Not all O. nigriventris males have horns. Those that don’t grow past a certain size — because they were born smaller or were malnourished — never hit the genetic trigger that leads to horn growth, forcing them to circumvent the whole system of duels in order to breed. Instead of dueling (and losing), small O. nigriventris males dig their own tunnels, bypassing the guarding males in order to mate with the female, and slip back out again undetected. They waste no resources on weapon development at all, leaving them nimbler and even more virile — instead of growing horns, they grow big testes that produce extra sperm. They may not mate with as many females as the larger males of their species, but they make the most of every opportunity.

Over time, this end run around the logic of the arms race can completely upend it, pushing the armed animals out of the gene pool. Overburdened and outmatched, animals with weapons eventually die off. Biologists were baffled when they first encountered this trend — it seemed to fly in the face of sexual-selection theory, which is the notion that the best-armed males will be the most genetically prolific. But much as duels necessarily create arms races, arms races necessarily create cheaters — and cheaters can win, bringing an end to the race.

Sounds like a plan to me.

Sunday, November 02, 2014

What part of No don't you understand?

BRT has talked ad nauseum about climate change and the catastrophic impact said change will have upon the world even though a sizable minority of humanity continue to deny the fact global warming is real in spite of overwhelming evidence that has proven this finding to be true. Seems the UN agrees with BRT without question as their latest report no longer uses diplomatic phrases to elegantly describe what is happening to our planet as it slowly begins to cook thanks to fossil fuel production that never seems to ebb no matter the cost to civilization.

If governments are to meet their own stated goal of limiting the warming of the planet to no more than 3.6 degrees Fahrenheit, or 2 degrees Celsius, above the preindustrial level, they must restrict emissions from additional fossil-fuel burning to about 1 trillion tons of carbon dioxide, the panel said. At current growth rates, that budget is likely to be exhausted in something like 30 years, possibly less.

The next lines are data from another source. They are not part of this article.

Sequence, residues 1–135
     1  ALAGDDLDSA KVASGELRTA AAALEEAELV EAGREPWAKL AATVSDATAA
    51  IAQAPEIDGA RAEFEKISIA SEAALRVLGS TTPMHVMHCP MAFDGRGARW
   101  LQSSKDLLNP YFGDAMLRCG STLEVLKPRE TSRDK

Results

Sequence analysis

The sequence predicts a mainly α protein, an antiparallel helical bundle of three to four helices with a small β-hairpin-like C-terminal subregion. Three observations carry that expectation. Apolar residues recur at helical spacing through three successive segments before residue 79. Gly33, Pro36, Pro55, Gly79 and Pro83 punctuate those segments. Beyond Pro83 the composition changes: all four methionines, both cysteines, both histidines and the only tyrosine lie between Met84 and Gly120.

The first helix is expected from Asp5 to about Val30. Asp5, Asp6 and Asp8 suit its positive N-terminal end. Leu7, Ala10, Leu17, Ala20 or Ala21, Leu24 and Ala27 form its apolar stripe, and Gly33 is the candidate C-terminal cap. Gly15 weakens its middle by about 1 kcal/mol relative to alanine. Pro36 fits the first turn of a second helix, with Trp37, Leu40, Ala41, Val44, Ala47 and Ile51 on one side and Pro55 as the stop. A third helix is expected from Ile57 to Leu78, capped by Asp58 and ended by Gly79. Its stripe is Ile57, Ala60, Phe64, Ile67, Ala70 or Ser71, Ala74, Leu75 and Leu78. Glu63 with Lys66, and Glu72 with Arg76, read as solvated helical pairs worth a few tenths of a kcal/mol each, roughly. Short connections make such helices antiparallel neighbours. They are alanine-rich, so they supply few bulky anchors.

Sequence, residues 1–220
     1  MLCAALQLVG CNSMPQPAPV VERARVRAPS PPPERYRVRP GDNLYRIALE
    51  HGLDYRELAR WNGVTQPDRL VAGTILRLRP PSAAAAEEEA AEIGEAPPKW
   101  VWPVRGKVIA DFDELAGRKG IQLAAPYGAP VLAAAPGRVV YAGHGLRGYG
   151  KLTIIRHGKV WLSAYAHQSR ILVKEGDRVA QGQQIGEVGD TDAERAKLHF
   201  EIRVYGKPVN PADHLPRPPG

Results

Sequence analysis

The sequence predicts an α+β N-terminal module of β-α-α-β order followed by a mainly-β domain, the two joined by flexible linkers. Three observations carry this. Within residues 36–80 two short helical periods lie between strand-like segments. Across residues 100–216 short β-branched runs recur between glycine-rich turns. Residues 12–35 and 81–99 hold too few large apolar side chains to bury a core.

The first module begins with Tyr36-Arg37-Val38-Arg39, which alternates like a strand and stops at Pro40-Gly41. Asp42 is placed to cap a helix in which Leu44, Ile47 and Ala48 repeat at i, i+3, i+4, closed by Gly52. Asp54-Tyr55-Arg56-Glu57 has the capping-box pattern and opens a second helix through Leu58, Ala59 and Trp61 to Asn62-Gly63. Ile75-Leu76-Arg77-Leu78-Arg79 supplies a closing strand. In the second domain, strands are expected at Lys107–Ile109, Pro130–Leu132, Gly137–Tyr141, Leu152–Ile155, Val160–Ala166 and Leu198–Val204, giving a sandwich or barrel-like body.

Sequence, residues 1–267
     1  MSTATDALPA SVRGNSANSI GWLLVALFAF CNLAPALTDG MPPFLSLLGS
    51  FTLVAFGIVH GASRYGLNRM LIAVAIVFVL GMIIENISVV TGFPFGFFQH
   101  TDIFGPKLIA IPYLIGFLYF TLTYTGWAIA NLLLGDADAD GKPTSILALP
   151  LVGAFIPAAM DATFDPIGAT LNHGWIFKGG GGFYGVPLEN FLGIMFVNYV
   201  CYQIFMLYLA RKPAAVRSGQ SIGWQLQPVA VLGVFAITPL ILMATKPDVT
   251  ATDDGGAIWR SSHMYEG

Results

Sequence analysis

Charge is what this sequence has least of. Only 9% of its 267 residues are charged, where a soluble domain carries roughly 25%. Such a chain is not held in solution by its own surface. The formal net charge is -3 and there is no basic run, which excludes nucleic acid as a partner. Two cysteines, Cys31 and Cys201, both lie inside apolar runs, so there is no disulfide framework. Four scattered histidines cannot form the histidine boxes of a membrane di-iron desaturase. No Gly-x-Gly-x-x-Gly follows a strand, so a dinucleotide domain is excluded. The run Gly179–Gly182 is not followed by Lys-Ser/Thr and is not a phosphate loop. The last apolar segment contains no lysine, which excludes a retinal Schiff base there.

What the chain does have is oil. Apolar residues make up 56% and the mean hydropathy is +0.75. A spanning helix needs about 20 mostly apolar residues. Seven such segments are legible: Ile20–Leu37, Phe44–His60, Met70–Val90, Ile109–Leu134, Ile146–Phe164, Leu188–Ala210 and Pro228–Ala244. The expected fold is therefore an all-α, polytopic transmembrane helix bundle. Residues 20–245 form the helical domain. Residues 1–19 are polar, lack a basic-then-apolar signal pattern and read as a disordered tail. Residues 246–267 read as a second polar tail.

Yet energy companies have booked coal and petroleum reserves equal to several times that amount, and they are spending some $600 billion a year to find more. Utilities and oil companies continue to build coal-fired power plants and refineries, and governments are spending another $600 billion or so directly subsidizing the consumption of fossil fuels.

In the United States, federal investments in energy research have never come close to those in areas that are high priorities. Military research is greater than that in all these areas combined.Panel’s Latest Warming Warning Misses Global Slumber Party on Energy ResearchNOV. 2, 2014

By contrast, the report found, less than $400 billion a year is being spent around the world to reduce emissions or otherwise cope with climate change. That is a small fraction of the revenue spent on fossil fuels — it is less, for example, than the revenue of a single American oil company, ExxonMobil.

Interstellar anyone?

Click here to get the 5th Synthesis Report on Climate Change 2014.
Needless to say, it will not warm the cockles of one's heart.

Addendum. Dot Earth, the NY Times Environmental OP Ed Blog, has a nice piece on the lack of commitment the world has on Energy Research. It too will not warm the cockles of one's heart either.

Monday, October 27, 2014

Teddy Bear's Gone Viral

Every once in a while, yours truly gloms onto something funny and cute. In this instance,
it's Teddy Bear, a true afinciando of pumpkin. Enjoy. :)

Sunday, October 26, 2014

Saturday, October 25, 2014

The First Law of Holes

is a wonderful quote that explains, in indirect fashion, how the war machine became America and why America continues to violate the first law of holes. 

To whit:

Click Blowback to read BRT's take on this most interesting topic.

Click War is a Racket to read Smedley Butler's antiwar classic, an incendiary piece showing why William Rivers Pitt's article rings true. Factoid: Butler is the only two time Congressional Medal of Honer recipient.

As an aside, read Nature abhors a vacuum to see a first hand example of why the First Law of Holes apples, in this case, to US foreign policy.

Addendum: Ask Any Price continues the violation of the first law to the max.

Any questions?

Sunday, October 19, 2014

Fall 2014

Fall never disappoints. :)

Belief/Doubt & Then Some

This is a pix yours truly took @ the Hirshhorn in DC depicting, in interesting fashion, the tumultuous relationship humanity has with reality, something we all share as living entities on a tiny planet called earth. :)

Ebola is brilliant